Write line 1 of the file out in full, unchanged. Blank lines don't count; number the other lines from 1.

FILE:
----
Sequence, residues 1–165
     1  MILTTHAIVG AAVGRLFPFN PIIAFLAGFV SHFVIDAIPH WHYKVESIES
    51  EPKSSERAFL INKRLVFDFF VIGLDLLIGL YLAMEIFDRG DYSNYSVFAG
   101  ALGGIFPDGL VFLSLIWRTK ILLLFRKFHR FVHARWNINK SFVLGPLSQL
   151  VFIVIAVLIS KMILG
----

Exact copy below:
Sequence, residues 1–165